Reply Wed 20 May, 2020 01:52 pm
@Walter Hinteler,
Walter Hinteler wrote:

maxdancona wrote:
I talked to my microbiologist friends, they all said that re-infection is very unlikely ... This is based on their knowledge of how coronaviruses work.
One brush with the viruses that cause chickenpox or polio, for instance, is usually enough to protect a person for life.
But coronaviruses still frequently trade segments of their genetic code with each other, leaving the potential for immune evasion wide open.

I've read that European governments are easing lockdowns and restrictions.

Are they aware of this potential you're talking about of coronaviruses changing to 'evade immune systems?'
bobsal u1553115
Reply Wed 20 May, 2020 04:17 pm
White House’s Own Data Crunchers: Southern Counties About to Get Hit Hard


Joe Raedle/Getty

The coronavirus task force has been using data from PolicyLab at Children’s Hospital of Philadelphia to chart the disease. And the new projections aren’t great.
Erin Banco

National Security Reporter
Updated May. 20, 2020 5:28PM ET / Published May. 20, 2020 4:27PM ET

A new analysis being reviewed by the White House shows southern states that moved too quickly to relax social distancing guidelines face significant risk for a resurgence of the coronavirus over the next several weeks. In several cases, counties will see hundreds of additional cases by June 17.

The study, which was put together by PolicyLab at Children’s Hospital of Philadelphia, is part of a data set being reviewed by top coronavirus task force officials and people working with the team, The Daily Beast reported earlier this month. A previous model by the PolicyLab predicted that if officials moved too quickly and too aggressively to reopen in mid-May, individual counties could witness hundreds, if not a thousand-plus, more coronavirus cases reported each day by August 1.

The new model shows that in southern counties, particularly in Texas, Florida, Alabama, and Virginia, the risk for resurgence is high over the next four weeks. These states have moved to reopen, at least partially, since the team published its last model in April.

The data set now takes into consideration current levels of social distancing rather than projections about what would happen when local communities reopened. It also includes data for more than 200 additional counties across the country. The findings indicate that the risk for large second waves of outbreaks remains low if communities continue to implement cautious, incremental plans to reopening that limit crowding and travel to non-essential businesses. Doctors working on the study said that without vigilance in masking, hygiene, and disinfection, certain southern counties will remain high risk.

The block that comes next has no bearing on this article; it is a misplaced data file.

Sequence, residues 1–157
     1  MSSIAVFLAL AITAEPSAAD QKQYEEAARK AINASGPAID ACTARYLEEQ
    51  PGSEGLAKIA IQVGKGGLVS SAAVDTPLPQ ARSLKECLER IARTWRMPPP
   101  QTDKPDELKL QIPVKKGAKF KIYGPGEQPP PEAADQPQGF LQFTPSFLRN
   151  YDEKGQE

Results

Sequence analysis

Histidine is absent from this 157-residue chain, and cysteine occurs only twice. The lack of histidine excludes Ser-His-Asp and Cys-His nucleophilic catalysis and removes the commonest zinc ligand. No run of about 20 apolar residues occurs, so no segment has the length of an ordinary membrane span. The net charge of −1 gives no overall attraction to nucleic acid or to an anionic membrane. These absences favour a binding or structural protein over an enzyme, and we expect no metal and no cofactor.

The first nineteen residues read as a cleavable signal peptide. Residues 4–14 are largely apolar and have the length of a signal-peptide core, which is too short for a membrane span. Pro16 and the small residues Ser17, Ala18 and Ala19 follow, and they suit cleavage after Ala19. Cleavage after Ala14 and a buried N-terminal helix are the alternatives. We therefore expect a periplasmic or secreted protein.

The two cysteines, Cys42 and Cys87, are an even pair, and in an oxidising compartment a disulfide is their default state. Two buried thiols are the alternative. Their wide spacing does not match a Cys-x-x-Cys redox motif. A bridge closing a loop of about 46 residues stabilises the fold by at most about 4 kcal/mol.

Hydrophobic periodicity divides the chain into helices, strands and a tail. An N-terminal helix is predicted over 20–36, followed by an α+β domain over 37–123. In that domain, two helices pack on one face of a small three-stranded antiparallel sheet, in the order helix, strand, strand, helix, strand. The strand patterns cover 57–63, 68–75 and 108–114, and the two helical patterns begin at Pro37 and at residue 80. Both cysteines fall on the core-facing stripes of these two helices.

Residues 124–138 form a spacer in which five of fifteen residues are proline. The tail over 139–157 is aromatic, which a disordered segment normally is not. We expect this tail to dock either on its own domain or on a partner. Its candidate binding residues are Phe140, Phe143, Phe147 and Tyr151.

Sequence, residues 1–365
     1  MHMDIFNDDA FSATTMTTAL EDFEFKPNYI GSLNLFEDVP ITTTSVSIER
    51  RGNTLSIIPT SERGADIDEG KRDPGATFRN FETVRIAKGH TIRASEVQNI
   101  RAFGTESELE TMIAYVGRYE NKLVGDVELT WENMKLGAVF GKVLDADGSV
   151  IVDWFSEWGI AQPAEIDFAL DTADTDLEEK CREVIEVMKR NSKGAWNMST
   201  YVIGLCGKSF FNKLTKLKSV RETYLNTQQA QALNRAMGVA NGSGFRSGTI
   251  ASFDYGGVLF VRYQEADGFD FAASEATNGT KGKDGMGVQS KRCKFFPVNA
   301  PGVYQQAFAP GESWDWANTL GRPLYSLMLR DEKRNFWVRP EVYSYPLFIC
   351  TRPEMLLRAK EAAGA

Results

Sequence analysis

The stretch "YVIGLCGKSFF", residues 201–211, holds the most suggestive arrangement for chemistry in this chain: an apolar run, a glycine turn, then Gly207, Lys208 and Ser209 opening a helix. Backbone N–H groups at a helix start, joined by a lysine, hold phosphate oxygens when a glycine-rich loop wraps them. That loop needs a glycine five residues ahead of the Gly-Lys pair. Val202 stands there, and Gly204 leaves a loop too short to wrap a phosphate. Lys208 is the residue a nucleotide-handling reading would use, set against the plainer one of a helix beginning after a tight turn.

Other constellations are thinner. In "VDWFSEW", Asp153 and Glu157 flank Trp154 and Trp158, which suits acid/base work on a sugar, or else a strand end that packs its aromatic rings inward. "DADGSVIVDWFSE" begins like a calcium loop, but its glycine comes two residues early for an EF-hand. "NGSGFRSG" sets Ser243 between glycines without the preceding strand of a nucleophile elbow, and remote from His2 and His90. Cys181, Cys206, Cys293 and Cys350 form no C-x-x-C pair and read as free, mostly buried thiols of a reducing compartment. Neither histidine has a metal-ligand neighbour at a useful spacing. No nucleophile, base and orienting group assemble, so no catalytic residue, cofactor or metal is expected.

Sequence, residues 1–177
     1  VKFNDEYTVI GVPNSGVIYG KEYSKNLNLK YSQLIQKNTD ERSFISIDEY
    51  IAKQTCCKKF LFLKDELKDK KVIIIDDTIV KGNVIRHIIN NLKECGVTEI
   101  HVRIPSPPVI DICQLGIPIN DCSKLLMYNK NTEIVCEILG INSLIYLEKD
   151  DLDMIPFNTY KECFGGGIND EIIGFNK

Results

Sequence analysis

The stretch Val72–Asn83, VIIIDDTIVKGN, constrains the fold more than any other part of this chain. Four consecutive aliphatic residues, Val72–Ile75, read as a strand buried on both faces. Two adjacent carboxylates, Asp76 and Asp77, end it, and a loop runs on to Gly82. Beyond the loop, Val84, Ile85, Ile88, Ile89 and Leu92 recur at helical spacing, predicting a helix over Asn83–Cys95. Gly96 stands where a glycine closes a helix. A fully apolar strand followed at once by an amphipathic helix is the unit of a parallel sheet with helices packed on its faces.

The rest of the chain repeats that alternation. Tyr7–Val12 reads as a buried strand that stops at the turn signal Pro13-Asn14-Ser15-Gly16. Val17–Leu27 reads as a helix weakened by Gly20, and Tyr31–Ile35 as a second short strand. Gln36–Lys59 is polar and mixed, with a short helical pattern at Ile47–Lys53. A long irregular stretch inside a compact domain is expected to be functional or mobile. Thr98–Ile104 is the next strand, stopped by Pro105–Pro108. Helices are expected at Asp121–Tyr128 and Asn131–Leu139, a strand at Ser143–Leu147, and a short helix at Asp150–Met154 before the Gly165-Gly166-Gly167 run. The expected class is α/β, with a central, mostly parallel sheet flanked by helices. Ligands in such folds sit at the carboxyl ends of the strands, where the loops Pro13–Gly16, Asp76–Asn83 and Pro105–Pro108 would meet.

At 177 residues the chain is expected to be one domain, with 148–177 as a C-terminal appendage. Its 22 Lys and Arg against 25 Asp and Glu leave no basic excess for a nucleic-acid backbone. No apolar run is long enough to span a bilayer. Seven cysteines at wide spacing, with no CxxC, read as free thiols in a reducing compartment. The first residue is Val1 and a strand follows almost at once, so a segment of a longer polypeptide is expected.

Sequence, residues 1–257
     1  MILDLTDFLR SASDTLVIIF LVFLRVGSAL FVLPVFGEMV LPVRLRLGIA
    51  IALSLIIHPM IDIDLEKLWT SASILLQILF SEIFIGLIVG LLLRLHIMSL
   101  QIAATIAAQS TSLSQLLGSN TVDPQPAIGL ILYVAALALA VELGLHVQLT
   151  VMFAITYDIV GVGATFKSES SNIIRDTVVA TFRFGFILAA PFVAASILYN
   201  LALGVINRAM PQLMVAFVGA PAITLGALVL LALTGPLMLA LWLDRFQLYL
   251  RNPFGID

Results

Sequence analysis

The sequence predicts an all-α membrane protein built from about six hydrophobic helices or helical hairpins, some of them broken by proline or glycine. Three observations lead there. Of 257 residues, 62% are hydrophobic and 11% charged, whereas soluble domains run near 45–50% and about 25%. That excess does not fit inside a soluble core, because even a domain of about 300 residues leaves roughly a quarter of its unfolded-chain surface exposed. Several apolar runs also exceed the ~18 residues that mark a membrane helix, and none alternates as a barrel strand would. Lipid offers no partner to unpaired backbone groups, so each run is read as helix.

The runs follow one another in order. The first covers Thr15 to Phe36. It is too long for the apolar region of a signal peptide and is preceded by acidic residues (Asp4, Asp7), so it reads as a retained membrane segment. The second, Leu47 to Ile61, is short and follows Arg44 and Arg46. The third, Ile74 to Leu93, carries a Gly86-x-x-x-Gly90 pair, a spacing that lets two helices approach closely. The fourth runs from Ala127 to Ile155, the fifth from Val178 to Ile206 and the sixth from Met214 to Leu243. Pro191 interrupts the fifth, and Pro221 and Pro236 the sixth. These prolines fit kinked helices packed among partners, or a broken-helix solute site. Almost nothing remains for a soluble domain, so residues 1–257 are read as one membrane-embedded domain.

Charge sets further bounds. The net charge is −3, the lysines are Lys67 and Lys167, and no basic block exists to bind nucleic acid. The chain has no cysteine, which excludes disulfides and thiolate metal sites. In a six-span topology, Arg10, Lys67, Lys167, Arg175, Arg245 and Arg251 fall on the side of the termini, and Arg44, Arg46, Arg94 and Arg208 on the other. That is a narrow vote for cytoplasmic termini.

The new data, which has been presented to members of the White House’s coronavirus task force, is likely to validate fears by doctors and scientists, including Dr. Anthony Fauci, the top infectious disease official in the administration, that opening states too soon could have disastrous health consequences. The news comes as the Trump White House continues to promote the idea of local communities opening up for business, and as the president seeks to shuffle his coronavirus task force in a way that would allow members to focus on reopening the economy. On Wednesday, Vice President Mike Pence traveled to Florida, where he grabbed lunch at a burger joint where few patrons were wearing masks or practicing social distancing, according to photos of the event.

While the study does not measure the death toll, it does paint a worrisome picture for southern counties over the next month. It raises questions about how local officials will handle a second wave and whether they have enough supplies to handle a spike in daily coronavirus cases.

“The key now is understanding the resurgence risk as social distancing begins to change. The picture our models are painting for Texas and Florida provide ample evidence to others who would choose to move too quickly,” the doctors working on the study wrote in an analysis associated with Wednesday’s update. “We see these concerns even as we adjust for additional testing capacity that might have inflated our forecasts.”

Florida was one of the first states to reopen. Gov. Ron DeSantis allowed some beaches in the state to reopen in the middle of April even as other areas throughout the state were continuing to see an increasing number of coronavirus cases and related deaths. Since then, he allowed gyms, salons, and theme parks to open. Now, the governor is taking more drastic reopening measures, allowing Miami-Dade and Broward counties to reopen retails shops and salons.